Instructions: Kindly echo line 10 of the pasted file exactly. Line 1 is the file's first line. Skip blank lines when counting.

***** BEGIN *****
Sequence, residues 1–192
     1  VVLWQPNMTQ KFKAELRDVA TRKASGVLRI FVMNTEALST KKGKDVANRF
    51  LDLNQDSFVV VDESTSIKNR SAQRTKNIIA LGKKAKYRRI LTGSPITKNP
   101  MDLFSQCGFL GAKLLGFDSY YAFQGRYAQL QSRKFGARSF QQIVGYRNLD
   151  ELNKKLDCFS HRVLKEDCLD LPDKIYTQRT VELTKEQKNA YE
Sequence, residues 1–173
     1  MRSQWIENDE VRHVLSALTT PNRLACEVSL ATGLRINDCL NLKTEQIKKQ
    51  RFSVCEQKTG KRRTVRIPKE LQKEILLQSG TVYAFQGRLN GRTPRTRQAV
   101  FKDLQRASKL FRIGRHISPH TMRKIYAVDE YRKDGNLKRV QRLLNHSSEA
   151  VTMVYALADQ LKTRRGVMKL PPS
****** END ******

   151  VTMVYALADQ LKTRRGVMKL PPS